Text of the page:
So instead of reading the usual quick-to-condemn Israel suspects, I’m reading the reflections of smart people who care strongly about Israel and care strongly about peace. You can do both, notwithstanding what you might read in certain publications. (And, by the way, you can be a non-Orthodox Gen Xer who steadfastly supports Israel, too! Imagine that! Sometimes I’m almost as upset with certain Jewish writers claiming to speak for me as I am with so much of the “mainstream” press I alluded to above. Maybe my coreligionists upset me even more–but that’s for another post and another time.)

What I am trying to do now is focus on voices of reason. Multiple voices. Different voices. But, again, caring voices.

If only the world would listen.

James Besser

J.J. Goldberg

Jeffrey Goldberg (I’m not going to point you to a single post–he has already posted a few since yesterday. And he’s a great source for links, too.)

Daniel Gordis

David Harris

Daniel E. Levenson

Jonathan Mark

Shmuel Rosner Seeks an Assistant Editor


“, the leading transdenominational Jewish website, is seeking an assistant editor to work for an exciting new site for parents.

The site will deal with serious issues like infertility, rituals like circumcision, and fun things like books, music, and food. The target audience is Jews and parents of Jewish children ages 0-5, so pre-pregnancy through preschool.

The editor’s tasks will include conceiving stories ideas; creating, gathering, and editing innovative content; developing newsletters; researching New York-based parenting resources, loading articles to the site; and working with freelance writers.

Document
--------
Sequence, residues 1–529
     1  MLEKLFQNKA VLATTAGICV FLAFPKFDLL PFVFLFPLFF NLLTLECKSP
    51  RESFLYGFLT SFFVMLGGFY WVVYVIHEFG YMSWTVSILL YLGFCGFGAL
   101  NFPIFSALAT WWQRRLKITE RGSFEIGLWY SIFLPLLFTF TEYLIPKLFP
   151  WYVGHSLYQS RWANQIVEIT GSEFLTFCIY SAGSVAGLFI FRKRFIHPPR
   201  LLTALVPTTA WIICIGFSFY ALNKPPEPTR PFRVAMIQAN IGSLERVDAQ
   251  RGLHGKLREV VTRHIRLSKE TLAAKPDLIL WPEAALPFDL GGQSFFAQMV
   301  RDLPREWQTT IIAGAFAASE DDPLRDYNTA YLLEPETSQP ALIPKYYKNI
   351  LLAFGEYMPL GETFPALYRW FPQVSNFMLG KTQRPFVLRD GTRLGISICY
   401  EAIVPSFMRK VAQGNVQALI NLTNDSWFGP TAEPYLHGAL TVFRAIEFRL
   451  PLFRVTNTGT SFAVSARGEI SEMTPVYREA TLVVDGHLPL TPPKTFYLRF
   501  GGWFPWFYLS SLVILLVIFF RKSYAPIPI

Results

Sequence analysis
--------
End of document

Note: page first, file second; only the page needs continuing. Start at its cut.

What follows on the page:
The ideal candidate should be eager, able to work independently, and have a considerable knowledge of Jewish culture and traditions. Candidates also should have experience writing and editing for web publications, with significant familiarity with a CMS, Photoshop, and WordPress. This is a New York-based position, for 15 hours a week.”

Tablet Magazine Launches Paid Internship Program

From Tablet Magazine:

Next month, Tablet Magazine is inaugurating a paid internship program. If you have experience in journalism and are familiar with the landscape of American Jewish life, we’d love to hear from you. We’ll be hiring three times a year—spring, summer, and fall—for two- and three-day-a-week internships at our office in New York City. Interns will assist the editorial staff with research and administrative tasks, as well as contributing blog posts and, potentially, full features.

Application deadline is May 3. Click here for more information/application instructions.

Moment Magazine’s Emerging Writer Awards Announced

Founded in 2004, Moment Magazine‘s Emerging Writer Awards “recognize talented writers who have published at least one book and whose books confront themes that are of interest to Jewish readers. An emerging writer is defined as someone of any age who has not yet received widespread recognition and has not yet won a major literary award.” Selections are made by committee (there is no published nomination process).

Congratulations to this year’s awardees: Abby Sher (nonfiction winner), for Amen, Amen, Amen: Memoir of a Girl Who Couldn’t Stop Praying; and Sara Houghteling (fiction winner), for Pictures at an Exhibition.